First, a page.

Web security is a topic that just won’t go away. Every day we hear the latest revelations – look at the latest scandal with Marriott admitting over 500 million customer records have been stolen using a breach that had been active since 2014!
Dave Lewis, a CISO at Duo, now part of Cisco, has over 15 years’ experience in the security business. As he says, he’s seen it all, and has learnt from his own mistakes. But he is depressed to see companies make the same mistakes time and again.


Injection attacks have been around since forever, yet they still cause issues. In particular, SQL injection attacks are often all too easy as highlighted in an early XKCD cartoon.


Cross site scripting allows attackers to do bad things to your site, from interface changes and code injection to hijacking and redirecting traffic. There are three classes of XSS attack. Reflected attacks allow attackers to do things like bring up their own popups; Stored attacks are where attackers store their script somewhere on your server; DOM attacks modify the local environment in the browser. All these attacks have been known about for years and protecting against them is relatively straightforward. For instance, using content security policies and frameworks such as Ruby on Rails which solve almost all XSS vulnerabilities.


Often vulnerabilities are caused by misconfigurations or plain lack of common sense. As an example, Dave told us about a (nameless) Canadian company he was working for. On one page he found hidden in the comments “User admin; password admin”. Lo and behold, when he entered these they were indeed the admin credentials for the whole site. Clearly, they had been put in the source during development, but no one had thought to edit the source post-release, or to update the password.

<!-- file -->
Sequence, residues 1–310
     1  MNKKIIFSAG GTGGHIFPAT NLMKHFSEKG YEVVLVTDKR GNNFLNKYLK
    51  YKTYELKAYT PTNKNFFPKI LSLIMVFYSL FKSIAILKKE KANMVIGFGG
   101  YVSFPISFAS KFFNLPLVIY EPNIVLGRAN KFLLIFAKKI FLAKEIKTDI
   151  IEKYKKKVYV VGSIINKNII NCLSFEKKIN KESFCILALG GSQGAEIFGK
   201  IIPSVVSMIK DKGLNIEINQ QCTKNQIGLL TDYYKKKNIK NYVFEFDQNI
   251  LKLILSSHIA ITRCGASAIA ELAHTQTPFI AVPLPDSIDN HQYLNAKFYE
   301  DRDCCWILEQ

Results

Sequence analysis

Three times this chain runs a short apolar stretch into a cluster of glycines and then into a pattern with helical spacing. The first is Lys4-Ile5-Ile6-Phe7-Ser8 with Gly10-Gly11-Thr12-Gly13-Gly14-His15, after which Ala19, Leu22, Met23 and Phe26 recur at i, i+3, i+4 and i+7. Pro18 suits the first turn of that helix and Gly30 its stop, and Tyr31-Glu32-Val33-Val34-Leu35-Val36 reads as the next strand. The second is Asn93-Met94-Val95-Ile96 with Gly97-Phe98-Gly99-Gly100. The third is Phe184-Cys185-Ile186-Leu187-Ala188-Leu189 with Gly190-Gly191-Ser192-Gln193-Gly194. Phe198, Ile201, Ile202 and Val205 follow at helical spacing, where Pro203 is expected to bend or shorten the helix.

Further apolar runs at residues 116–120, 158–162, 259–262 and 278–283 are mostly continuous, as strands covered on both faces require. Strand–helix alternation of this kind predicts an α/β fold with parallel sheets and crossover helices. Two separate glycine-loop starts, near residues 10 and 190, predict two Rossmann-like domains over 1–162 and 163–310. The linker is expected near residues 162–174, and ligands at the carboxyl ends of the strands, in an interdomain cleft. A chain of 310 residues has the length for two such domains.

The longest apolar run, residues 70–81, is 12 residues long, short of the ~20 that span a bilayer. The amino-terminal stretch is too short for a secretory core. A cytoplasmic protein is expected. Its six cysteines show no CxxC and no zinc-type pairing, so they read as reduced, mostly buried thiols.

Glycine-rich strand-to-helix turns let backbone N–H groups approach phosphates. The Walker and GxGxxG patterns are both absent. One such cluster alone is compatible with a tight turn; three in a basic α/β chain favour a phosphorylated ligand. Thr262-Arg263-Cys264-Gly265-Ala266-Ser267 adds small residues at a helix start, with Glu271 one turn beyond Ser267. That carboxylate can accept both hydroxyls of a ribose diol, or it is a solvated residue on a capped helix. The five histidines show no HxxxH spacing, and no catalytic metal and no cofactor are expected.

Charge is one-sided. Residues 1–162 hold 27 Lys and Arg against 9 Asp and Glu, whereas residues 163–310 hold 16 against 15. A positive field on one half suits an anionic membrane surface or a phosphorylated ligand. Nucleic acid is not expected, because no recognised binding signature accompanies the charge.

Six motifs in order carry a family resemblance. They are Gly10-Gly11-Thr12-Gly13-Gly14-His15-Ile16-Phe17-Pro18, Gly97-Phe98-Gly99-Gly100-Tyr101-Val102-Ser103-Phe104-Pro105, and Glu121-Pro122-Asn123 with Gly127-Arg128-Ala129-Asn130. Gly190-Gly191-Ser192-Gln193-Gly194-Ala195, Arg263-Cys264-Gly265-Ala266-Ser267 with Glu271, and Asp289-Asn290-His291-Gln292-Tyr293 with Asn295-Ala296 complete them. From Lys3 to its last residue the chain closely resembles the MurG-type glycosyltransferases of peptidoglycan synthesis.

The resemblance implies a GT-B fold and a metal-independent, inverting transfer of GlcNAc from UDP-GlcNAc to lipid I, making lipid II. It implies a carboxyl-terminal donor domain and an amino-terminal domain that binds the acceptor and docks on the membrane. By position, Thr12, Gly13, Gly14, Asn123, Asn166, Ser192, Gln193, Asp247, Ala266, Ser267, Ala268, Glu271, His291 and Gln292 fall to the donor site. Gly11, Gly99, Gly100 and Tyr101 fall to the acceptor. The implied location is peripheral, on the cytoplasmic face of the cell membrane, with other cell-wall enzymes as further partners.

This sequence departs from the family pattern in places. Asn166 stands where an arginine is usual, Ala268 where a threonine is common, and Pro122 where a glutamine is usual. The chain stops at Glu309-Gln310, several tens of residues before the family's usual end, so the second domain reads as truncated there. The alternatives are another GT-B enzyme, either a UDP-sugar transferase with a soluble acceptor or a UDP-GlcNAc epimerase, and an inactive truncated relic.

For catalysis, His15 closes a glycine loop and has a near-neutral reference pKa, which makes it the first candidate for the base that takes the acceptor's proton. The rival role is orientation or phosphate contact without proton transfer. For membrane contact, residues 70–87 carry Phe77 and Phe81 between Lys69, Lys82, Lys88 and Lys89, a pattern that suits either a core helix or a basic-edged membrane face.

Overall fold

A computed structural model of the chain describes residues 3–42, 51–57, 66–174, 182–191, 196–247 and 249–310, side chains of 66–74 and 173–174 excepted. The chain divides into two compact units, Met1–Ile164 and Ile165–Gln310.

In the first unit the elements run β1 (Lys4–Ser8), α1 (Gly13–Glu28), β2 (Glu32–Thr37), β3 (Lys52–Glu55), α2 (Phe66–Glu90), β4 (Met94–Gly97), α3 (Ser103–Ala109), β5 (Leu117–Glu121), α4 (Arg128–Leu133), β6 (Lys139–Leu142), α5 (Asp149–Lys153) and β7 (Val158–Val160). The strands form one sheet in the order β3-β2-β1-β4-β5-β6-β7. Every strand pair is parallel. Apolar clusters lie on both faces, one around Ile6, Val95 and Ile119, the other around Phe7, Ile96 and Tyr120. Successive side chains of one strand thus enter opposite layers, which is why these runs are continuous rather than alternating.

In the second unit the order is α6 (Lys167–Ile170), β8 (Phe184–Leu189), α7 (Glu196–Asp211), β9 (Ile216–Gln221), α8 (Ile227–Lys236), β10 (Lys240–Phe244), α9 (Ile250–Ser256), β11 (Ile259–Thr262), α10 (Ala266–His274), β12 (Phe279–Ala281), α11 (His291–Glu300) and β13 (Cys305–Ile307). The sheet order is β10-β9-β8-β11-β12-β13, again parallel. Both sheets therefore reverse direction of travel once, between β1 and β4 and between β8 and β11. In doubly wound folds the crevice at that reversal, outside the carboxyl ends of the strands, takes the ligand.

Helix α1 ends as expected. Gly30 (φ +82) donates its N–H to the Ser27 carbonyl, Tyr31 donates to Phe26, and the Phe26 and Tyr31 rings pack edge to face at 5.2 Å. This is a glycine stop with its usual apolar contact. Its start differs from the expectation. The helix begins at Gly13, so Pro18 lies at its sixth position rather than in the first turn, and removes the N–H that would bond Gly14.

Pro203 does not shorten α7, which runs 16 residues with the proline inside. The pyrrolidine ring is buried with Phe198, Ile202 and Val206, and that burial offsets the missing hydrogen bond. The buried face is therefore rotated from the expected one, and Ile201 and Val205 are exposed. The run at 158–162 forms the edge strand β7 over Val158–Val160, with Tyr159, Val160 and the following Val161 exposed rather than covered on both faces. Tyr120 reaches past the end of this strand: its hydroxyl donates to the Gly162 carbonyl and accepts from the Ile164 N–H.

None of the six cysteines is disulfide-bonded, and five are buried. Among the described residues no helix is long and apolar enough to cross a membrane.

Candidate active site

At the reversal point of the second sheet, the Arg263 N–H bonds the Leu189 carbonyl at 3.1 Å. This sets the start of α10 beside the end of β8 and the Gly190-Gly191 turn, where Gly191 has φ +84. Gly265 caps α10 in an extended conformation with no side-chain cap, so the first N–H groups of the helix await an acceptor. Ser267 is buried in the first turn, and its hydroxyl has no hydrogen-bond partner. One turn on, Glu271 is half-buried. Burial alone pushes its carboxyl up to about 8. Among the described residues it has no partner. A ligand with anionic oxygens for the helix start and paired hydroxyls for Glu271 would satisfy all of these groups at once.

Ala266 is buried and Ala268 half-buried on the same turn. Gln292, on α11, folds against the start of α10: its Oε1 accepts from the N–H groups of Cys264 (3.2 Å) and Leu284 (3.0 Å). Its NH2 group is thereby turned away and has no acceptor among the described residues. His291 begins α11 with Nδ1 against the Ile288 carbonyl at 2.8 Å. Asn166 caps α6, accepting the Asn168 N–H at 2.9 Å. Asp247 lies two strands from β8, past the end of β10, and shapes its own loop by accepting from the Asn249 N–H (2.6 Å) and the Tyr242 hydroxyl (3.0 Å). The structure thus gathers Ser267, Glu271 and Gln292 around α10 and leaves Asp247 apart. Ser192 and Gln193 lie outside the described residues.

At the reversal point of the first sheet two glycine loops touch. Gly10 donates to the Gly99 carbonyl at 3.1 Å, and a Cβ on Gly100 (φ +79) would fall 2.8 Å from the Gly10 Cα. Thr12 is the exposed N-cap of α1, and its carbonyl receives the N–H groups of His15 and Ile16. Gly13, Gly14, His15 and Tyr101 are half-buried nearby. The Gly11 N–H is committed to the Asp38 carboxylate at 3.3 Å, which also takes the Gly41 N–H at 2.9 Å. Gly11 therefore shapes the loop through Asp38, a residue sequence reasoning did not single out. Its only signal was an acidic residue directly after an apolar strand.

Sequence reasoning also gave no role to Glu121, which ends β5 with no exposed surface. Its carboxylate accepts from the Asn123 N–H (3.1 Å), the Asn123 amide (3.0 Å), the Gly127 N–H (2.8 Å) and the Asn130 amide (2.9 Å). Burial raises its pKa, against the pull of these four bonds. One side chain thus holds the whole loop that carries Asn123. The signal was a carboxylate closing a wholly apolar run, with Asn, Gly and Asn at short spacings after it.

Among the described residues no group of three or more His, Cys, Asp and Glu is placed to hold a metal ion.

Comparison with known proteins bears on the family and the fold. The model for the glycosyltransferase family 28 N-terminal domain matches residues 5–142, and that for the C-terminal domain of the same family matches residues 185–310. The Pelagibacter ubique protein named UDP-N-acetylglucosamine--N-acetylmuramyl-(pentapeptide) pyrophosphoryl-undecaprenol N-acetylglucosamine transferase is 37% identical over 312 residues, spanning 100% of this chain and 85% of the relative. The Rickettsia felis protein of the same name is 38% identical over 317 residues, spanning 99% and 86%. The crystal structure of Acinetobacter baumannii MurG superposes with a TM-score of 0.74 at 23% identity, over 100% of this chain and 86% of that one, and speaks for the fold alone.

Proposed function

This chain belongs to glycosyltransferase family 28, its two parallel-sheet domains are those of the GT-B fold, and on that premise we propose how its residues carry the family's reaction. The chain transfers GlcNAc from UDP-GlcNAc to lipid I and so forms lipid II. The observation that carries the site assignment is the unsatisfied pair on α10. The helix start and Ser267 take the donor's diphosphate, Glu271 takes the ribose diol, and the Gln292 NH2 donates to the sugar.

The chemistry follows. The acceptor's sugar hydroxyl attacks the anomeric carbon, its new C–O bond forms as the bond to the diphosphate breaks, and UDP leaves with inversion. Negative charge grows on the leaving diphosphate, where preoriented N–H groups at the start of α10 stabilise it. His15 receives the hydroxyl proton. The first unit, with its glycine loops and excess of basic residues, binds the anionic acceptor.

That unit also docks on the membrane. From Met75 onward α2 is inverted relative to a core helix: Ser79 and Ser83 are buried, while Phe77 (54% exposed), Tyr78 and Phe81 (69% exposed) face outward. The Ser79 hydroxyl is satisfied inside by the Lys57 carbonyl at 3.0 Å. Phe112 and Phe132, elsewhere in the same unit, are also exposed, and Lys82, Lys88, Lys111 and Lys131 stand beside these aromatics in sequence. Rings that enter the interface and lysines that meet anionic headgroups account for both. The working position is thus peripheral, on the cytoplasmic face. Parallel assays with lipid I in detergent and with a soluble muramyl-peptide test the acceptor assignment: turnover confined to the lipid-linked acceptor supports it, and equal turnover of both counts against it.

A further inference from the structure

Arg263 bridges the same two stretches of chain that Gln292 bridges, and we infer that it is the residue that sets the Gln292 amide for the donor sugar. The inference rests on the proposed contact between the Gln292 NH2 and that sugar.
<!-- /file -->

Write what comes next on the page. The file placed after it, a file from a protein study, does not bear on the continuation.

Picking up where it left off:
In Dave’s views, passwords have long-since passed the end of their useful life. All of us reuse passwords across multiple services and many people use plain dumb passwords. The problem is that a password just proves that you have the password, not that you are authorized to have and use it. The solution is multi-factor authentication and a move away from dumb passwords. Fortunately, as of April this year, WebAuthn has been adopted as a standard, which should help make this easier.

Broken Access

One of the worst sins is to fail to secure your site properly. A couple of years back, Dave was dealing with a series of attacks by the so-called Lizard Squad. Unbelievably he found that they had failed to secure their own site with a .htaccess file. As a result, he was able to find details of all the members and was able to shut down the attacks. Open ports are another easy attack vector to deal with – on the day of the conference, Dave found over 34 million vulnerable open ports across Germany, 1.9 million of them in Berlin.

Known Bad

Known Bad is a serious problem for many companies. To remain secure, it’s essential to keep your software updated against known attacks such as Heartbleed. Dave pointed us to a few useful tools including synk.io and wpscan.org. He also suggested it may be worth testing your own site using pyfiscan, a tool included in Kali Linux (a version of Linux for pen testing).

Logging (or its lack)

The final deadly sin is poor logging. The fight against hackers is never-ending, and fundamental vulnerabilities like Spectre and Meltdown keep being found. So, even with the best security you may find yourself vulnerable. This means it is essential to make sure you log everything you can. Then when you have a problem at least you can track it back properly.